Tony McCoy Tastes Grand National Success With Don't Push It

Don't Push It Grand National Winner
Very few race fans were actually surprised to see Tony McCoy easily win the 2010 Grand National atop the talented Don’t Push It. Even though Denis O’Regan’s fruitlessly pursuing Black Apalachi had kept a better position in the preliminary lengths, this long-distinguished jockey maintained a covertly close chase every inch of the way. Finally, as the pair bolted breathlessly closer to the winning line, McCoy unbelievably galvanized his strong-willed mount to a jubilant finish! 

The relief showed on the cheerful hero’s face simply told it all…The veteran jockey couldn’t mask his excitement as thousands of race fans cheered their congratulations on the densely populated sidelines. Whereas the ferociously tussling pair had appeared equally capable of winning a few moments before, it was indeed an exponentially amazing spectacle for the consummate champion to astonishingly manage a five-length difference. 

State of Play was lucky enough to earn a definitely estimable third place, effectively hot on the heels of the two giants who galloped ahead. Paul Moloney, despite his having fallen short of the top prize, had again enjoyed a not-so-bad finish, scooping a relatively modest £98,235. The fourth and the fifth position were claimed by the Barry Geraghty/ Big Fella Thanks and Sam Twiston-Davies /Hello Bud, in that exact order. The sensibly hard-fighting twosome ultimately pocketed a worthy £49,117 and £24,605 respectively. 

It was a tremendously lucky round for the notorious gambler JP McManus, who had for many past years looked forward to a tiptop Aintree exploit, repeatedly without any strictly notable success, up to that epochal sporting season when fortune’s tables turn to his absolute favor. Lastly, McManus apparently quenched his oft-confessed craved desire for a tiptop Aintree performance that he had been so fruitlessly pursuing in numerous other Grand National meets for well over a decade or so before. 

There was also the modestly trying Nina Carbery, laboriously steering the energetic Character Building, probably in the wild hope of somehow writing history as the first-ever female rider to win the Grand National. She didn’t achieve her goal, in the end. Finishing a distant 7th position, and thus slightly outrun by the sixth-ranking Snowy Morning, the hard-working jockey perhaps merely ended up giving herself an only slightly motivating reason to give the same cut-throat chase a more vigorous stab in the coming years! 

Also dismally trailing the foremost pack was the previous year’s winner - Mon Mome – who would have seemingly pulled off some remarkable record, were it not for a 26th-fence misfortune that saw the commendably spirited horse suffer an abrupt fall…a rather momentum-curtailing slip-up that instantly favored faster-sprinting gallopers obliviously dashing past the luckless contestant. Otherwise, the great contender’s earlier looked excellent enough to grant them some glittering award at any rate. Nevertheless, it wouldn’t have been anything really as glamorous as the enviable jackpot of £521,052 that the unbeaten McCoy proudly carried home.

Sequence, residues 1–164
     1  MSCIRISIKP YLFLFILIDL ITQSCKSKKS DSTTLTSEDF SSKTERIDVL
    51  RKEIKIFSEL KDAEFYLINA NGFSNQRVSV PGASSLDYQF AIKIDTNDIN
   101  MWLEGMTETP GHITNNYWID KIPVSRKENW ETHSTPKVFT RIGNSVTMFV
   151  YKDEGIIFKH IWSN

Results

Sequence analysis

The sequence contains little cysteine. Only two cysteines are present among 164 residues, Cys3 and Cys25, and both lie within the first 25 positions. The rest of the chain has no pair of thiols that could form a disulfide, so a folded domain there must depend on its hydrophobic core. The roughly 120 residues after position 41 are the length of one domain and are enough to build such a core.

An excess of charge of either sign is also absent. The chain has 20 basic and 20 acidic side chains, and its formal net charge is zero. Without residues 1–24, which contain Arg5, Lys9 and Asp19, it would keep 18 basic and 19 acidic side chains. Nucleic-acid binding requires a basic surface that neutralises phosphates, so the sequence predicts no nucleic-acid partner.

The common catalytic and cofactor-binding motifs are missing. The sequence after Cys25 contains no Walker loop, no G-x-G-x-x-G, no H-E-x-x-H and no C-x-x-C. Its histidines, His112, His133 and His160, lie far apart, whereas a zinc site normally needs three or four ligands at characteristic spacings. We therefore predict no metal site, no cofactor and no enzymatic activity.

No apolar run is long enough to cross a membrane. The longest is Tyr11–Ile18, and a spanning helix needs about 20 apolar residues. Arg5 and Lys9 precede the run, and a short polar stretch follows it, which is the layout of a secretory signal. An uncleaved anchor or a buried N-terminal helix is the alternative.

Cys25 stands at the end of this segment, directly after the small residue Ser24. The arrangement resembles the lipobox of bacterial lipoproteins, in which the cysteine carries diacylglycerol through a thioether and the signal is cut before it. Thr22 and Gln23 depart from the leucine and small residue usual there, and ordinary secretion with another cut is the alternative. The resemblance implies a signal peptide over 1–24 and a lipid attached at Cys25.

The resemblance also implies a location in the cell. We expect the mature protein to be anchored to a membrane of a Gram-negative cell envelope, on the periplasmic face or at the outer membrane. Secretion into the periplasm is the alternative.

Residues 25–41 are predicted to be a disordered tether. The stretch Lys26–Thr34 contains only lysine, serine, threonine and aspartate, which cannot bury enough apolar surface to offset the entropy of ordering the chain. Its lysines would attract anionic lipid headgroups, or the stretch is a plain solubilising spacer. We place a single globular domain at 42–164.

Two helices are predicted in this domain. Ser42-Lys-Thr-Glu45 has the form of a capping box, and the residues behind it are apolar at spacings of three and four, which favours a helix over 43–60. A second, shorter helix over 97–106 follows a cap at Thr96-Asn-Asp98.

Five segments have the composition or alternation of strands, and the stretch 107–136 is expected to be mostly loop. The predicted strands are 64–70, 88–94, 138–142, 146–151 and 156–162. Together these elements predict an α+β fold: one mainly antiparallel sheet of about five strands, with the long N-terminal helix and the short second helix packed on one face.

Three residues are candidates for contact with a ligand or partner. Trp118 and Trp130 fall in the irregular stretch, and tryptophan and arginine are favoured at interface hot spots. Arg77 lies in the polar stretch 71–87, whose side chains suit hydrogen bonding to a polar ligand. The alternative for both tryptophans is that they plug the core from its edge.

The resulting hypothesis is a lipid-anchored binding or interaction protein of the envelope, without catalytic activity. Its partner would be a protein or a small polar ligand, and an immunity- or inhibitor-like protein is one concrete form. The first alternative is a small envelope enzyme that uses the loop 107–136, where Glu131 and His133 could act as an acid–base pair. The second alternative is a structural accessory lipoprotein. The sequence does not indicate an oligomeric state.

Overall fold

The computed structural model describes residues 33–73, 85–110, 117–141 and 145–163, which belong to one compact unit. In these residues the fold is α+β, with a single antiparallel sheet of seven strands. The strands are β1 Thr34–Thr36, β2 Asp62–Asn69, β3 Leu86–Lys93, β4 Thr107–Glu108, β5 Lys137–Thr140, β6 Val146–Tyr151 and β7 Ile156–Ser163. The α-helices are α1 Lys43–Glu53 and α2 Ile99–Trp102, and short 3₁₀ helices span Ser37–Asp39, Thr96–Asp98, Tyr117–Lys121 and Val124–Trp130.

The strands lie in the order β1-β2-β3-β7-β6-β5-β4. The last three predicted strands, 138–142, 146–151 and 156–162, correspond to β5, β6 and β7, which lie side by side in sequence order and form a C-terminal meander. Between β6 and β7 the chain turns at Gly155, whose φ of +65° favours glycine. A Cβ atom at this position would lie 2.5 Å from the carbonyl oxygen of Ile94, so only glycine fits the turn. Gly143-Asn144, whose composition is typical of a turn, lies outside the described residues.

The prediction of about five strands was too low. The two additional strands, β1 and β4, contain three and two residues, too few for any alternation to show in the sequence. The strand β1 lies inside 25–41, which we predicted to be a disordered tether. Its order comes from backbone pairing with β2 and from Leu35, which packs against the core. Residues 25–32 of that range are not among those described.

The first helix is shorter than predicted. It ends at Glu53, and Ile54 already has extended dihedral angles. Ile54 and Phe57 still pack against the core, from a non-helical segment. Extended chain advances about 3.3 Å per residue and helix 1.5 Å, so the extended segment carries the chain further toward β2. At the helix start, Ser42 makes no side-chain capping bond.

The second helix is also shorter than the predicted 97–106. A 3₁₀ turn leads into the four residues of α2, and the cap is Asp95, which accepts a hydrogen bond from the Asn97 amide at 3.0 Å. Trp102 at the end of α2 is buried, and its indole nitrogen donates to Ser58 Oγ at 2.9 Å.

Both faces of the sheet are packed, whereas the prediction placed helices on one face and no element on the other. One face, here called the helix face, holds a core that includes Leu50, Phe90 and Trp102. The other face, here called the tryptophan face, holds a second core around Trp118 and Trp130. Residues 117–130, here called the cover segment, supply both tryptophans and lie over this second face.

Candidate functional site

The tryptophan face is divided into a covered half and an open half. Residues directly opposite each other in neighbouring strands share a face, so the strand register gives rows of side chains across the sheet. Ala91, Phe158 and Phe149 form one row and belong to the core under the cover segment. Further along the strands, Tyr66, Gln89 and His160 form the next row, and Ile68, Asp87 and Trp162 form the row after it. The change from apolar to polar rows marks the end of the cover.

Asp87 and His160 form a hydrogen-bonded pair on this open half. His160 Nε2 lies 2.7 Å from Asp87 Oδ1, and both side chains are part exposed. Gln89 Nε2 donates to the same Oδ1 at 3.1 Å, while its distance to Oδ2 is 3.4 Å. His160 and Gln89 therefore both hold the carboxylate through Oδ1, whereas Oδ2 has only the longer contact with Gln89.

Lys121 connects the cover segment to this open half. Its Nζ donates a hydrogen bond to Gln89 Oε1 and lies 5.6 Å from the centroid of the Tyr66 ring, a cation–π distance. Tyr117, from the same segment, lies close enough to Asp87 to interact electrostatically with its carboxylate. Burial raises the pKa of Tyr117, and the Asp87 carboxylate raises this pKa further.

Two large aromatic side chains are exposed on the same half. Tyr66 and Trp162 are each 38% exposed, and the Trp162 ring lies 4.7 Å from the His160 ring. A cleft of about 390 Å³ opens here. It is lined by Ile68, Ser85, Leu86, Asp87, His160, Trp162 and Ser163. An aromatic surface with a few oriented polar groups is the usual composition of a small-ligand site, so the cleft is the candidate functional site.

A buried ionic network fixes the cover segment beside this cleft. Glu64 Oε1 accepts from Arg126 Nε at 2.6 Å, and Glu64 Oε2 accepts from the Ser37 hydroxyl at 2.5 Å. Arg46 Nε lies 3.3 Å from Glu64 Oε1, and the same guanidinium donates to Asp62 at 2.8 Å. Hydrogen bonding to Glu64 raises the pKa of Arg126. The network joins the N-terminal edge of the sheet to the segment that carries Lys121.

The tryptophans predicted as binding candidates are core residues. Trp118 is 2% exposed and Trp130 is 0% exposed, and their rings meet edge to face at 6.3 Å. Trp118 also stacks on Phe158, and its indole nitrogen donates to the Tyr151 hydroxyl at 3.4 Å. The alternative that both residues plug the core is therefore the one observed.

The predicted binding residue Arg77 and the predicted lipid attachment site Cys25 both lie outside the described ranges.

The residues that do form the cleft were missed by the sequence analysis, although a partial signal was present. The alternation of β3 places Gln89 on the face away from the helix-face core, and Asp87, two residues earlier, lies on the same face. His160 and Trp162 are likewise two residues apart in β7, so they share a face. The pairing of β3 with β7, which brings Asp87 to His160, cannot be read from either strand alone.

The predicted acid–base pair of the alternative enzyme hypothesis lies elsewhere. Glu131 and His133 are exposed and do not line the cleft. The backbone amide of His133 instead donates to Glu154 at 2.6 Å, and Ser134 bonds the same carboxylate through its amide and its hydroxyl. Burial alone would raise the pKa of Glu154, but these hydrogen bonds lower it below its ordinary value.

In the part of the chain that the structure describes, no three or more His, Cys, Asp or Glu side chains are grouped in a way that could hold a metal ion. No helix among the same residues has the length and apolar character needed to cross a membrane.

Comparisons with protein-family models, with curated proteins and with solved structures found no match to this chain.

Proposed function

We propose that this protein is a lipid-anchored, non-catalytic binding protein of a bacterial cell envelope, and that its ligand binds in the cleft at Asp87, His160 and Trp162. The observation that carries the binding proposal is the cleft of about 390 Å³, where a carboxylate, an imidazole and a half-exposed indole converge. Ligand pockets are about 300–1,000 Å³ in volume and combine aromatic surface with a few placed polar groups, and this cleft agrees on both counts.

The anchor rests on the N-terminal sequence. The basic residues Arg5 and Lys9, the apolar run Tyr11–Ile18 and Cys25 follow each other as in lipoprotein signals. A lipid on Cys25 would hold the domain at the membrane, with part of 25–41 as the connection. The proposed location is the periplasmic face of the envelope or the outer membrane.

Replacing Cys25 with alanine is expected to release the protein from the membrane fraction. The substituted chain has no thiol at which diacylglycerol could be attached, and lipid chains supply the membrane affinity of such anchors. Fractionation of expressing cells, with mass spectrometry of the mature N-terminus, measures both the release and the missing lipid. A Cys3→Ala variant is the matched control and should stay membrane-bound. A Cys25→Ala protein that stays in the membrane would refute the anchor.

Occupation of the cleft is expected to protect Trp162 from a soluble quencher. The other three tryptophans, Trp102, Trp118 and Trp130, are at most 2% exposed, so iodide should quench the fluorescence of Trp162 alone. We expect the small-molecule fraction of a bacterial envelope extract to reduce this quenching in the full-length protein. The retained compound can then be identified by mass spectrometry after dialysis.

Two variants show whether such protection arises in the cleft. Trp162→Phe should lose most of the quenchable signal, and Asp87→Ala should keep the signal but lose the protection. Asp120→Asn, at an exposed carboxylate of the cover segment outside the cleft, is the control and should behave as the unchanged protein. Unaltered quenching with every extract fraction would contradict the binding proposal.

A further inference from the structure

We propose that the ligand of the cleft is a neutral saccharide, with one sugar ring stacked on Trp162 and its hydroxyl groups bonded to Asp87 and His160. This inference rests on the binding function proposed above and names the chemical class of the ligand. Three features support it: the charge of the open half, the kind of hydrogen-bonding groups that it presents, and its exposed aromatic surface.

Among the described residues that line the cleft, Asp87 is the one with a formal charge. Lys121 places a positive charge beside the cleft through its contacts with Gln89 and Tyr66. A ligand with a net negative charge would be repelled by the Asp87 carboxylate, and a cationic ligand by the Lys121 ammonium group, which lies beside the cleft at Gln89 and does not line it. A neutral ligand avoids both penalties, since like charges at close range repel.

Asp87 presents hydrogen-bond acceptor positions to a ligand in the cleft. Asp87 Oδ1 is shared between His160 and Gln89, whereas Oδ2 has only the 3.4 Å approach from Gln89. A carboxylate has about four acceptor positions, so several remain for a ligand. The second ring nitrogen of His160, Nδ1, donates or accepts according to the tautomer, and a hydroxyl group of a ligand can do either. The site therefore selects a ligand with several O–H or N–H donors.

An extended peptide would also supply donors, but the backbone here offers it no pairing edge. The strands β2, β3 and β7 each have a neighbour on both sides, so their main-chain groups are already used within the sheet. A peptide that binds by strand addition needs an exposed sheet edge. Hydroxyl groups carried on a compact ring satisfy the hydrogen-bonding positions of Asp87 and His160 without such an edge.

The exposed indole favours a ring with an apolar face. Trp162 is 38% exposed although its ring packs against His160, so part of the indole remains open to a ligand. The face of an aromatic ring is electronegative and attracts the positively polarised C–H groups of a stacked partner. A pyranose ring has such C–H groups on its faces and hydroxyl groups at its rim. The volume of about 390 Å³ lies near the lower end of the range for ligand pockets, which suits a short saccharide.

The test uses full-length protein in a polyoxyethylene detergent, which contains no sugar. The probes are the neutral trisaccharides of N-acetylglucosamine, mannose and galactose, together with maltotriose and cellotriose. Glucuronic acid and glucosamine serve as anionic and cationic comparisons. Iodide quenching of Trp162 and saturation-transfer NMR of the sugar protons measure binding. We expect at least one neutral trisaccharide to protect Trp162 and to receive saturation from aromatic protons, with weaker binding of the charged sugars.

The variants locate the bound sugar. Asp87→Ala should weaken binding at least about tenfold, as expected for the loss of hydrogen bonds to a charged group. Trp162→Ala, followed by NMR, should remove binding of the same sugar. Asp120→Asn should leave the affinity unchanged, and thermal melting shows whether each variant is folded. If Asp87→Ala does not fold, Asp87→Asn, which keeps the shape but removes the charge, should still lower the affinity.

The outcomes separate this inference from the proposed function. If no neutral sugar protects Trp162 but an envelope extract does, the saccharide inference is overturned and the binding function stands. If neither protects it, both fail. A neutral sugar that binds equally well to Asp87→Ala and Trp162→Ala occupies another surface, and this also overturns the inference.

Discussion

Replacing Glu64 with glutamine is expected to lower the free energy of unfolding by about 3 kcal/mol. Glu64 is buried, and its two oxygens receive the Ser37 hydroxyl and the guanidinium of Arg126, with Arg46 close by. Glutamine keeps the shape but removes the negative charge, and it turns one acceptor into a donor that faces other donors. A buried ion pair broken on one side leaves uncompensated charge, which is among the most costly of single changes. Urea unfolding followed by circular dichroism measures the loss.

In addition, the openly ecstatic McCoy confessed that he was being a real big ‘wuss’… He subsequently admitted that the just-attained milestone was a well-timed breakthrough. Arguably one of the very finest jockeys in the world, he averred that his not having enjoyed a resounding Aintree conquest would have enormously tainted his otherwise colorful CV in the main. And this actually sounds convincingly a spot-on assertion for the vastly celebrated jockey who has formerly bagged dozens other high-profile trophies in likewise noteworthy races.

Incalculably encouraged by the great performance, the widely revered racing icon expressed delight that his mother and father would consequently feel highly elated by his new Grand National milestone. Again, McCoy was as well overjoyed that his darling wife, Chanelle, and his two-and-a-half-old daughter (Eve) would be evenly thrilled by the same inimitable attainment. 

Still excited by the historic colorful finish, the rapturous winner chest-thumped that he hoped his little daughter would grow up fully reassured of her great father’s standing as an internationally acclaimed equine sportsman. At the same time, the Grand National virtuoso generously thanked his astute trainer for having come up with the bizarre, yet clever idea of tossing a coin to decide the best horse to take to the annual championships. 

On her part, the freshly vitalized proud Chanelle McCoy was literally all smiles, after her hubby’s first-rate record in the year’s foremost racing event. She pleasingly expressed kudos to not only her profoundly industrious spouse but also extended her congratulations to the other exceptionally supportive folks in the winning blend. These featured guys such as McManus and Jonjo and Jacqui (O’Neill); mainly for what she fittingly described as a truly “fantastic achievement”.


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